De Grigny, orch. Benjamin
Livre dorgue Récit de tirece en taille [world premiere]
Des canyons aux étoiles …
Ueli Wiget (piano)
Simon Breyer (horn)
Rumi Ogawa (xylorimba)
Rainer Römer (glockenspiel)
Ensemble Modern Orchestra
Reviewed by: Richard Whitehouse
Reviewed: 23 July, 2004
Venue: Royal Albert Hall, London
This Prom offered a welcome opportunity to hear the Ensemble Modern Orchestra working with one of its regular collaborators, George Benjamin, as conductor, composer and arranger. That latter guise first of all, with a transcription of ‘Récit de tierce en taille’ from the 1699 Premier livre d’orgue that was Nicolas de Grigny’s sole publication at his death when only 31. Poised between contrapuntal severity and a rhythmic freedom well in advance of its time, it made an appreciable impression in Benjamin’s elaborate arrangement: the sustained use of heavy brass partly explained by the orchestration being identical to that of Palimpsests – Benjamin’s most recent large-scale work – which followed it.
Taking its title from the procedure whereby a text is written over an original, leaving only fragments of the latter, Palimpsest I is an intricate assembling of textures derived from several distinctive motifs. Palimpsest II is an intricate and dynamically forceful ‘double-take’ on its predecessor – with an unexpected pay-off where aspects of both pieces are superimposed to intriguing effect. At both an aural and conceptual level, the layering of ideas is tellingly achieved. Heard as a diptych in 2002, Benjamin has since streamlined the continuity from one piece to another, increasing the inevitability of the overall process and pointing up contrasts and similarities in their respective soundworlds.
The performance, with the work’s relatively few strings pitted against sizeable complements of brass and woodwind, certainly played to the strengths of the Albert Hall acoustic – with the fact that EMO has played the work extensively in recent months no doubt contributing to the authority of the interpretation, as well as facilitating the ease with which the composer controlled proceedings.
Increasingly active in both the opera-house and the concert-hall, there is no doubting Benjamin’s executive acumen when it comes to directing modern music with which he feels in sympathy. Such a work is Messiaen’s Des canyons aux étoiles … – composed during 1971-4, and which has the feel of a summatory orchestral statement. The expansive, 12-movement design has both the thematic and emotional inclusiveness of Turangalîla, while the soundworld recalls the sonic experimentation of Chronochromie and Sept Haïkï. Moreover, the combining of a ‘standard’ complement of woodwind and brass with 13 solo strings and an array of exotic percussion, likely stimulated by Messiaen’s visit to Utah in 1972, makes available a wealth of orchestral and chamber textures new to his music.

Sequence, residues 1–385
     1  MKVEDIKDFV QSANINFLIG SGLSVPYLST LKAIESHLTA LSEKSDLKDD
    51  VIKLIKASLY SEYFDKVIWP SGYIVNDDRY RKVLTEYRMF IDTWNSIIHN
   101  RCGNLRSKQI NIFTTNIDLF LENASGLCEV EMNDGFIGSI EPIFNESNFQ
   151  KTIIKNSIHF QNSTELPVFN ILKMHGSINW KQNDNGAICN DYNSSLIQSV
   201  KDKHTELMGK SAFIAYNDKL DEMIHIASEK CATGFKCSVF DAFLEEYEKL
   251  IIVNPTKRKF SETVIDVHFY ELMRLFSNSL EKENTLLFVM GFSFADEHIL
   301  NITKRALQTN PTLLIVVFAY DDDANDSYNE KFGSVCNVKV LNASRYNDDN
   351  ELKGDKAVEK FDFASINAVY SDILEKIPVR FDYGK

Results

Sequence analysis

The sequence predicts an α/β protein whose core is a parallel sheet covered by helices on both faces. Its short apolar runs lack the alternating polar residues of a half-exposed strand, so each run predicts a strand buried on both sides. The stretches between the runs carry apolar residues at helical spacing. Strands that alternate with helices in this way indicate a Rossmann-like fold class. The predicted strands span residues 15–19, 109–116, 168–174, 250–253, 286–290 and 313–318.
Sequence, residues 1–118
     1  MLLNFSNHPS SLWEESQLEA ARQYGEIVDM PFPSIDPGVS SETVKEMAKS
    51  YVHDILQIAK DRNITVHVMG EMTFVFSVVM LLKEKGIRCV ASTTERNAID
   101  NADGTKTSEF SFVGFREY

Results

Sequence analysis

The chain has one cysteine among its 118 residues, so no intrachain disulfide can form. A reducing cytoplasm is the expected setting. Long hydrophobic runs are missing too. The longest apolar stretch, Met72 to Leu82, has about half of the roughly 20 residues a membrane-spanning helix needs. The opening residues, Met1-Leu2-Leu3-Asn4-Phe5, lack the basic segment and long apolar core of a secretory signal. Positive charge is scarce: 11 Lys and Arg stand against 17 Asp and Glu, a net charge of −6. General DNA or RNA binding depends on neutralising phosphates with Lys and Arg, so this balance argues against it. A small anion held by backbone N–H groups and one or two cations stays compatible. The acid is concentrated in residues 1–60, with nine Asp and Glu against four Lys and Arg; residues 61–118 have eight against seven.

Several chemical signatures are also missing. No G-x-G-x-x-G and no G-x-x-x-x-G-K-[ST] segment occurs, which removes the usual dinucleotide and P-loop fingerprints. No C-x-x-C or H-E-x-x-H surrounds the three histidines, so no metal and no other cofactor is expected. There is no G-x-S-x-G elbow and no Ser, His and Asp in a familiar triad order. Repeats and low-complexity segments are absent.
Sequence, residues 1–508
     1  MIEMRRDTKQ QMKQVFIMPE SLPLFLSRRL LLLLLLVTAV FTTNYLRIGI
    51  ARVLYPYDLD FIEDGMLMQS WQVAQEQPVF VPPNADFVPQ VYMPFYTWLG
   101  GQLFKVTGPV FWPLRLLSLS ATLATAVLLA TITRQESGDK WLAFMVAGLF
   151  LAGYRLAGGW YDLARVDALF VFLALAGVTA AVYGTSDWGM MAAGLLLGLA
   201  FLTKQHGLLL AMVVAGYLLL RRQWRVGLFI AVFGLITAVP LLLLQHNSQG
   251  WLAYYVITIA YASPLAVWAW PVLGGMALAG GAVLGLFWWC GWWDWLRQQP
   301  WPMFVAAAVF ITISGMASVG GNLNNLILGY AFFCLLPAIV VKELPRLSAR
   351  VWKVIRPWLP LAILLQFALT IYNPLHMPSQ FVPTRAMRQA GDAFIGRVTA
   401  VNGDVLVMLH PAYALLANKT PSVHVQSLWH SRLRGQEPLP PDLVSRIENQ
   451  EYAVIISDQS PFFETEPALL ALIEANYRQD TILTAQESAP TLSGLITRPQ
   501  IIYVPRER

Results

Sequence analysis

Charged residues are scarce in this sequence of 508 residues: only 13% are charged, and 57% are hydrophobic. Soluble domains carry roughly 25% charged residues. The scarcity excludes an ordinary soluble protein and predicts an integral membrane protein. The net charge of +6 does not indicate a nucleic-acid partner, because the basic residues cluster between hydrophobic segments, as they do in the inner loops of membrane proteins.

It is in this respect that Benjamin’s performance left its strongest impression. Des Canyons is designated “for solo piano, horn, xylorimba, glockenspiel and orchestra”, and those solo instruments were duly accorded ‘first among equals’ status within the ensemble. Moreover, pianist Ueli Wiget excelled in the two solo movements, their often-stark sonorities – often redolent of Catalogue des oiseaux – tempered by a demonstrable emotional engagement. If horn-player Simon Breyer found not quite the jaw-dropping virtuosity in ‘Appel interstellaire’ that others have brought to this movement, its vast range of technical possibilities was rendered with real imaginative freedom.
Benjamin steered a secure, attentive course throughout – though the heady ‘Bryce Canyon et les rochers rouge-orange’, which concludes Part Two, had a fervour such that ‘Zion Park et la Cité celeste’, which ends the work, lacked a little in cumulative impact. There was also a lingering feeling that his immersion in the stage-to-stage progress of the music precluded the fullest perspective on the work as a whole. Which is not to deny his identity with and belief in the piece itself: the uniqueness of its conception being readily and powerfully conveyed.
A few words about the Ensemble Modern Orchestra. Formed in 1998 around the 19 soloists of the renowned Ensemble Modern, its brief to perform exclusively music of the 20th and 21st centuries is a significant one, and necessary at a time when the so-called ‘standard repertoire’ has been reduced to little more than a matter of managerial convenience and audience baiting. And, with a roster of regular conductors including John Adams, Pierre Boulez, Peter Eötvös and Ingo Metzmacher, its aesthetic stance is clearly not one of pandering to a residual avant-garde establishment. A disc of Benjamin’s orchestral work – including Palimpsests – has just been released [Nimbus 5732], and there are plans for substantial touring during the 2004/5 season. Hopefully appearances such this Prom will not remain occasional events.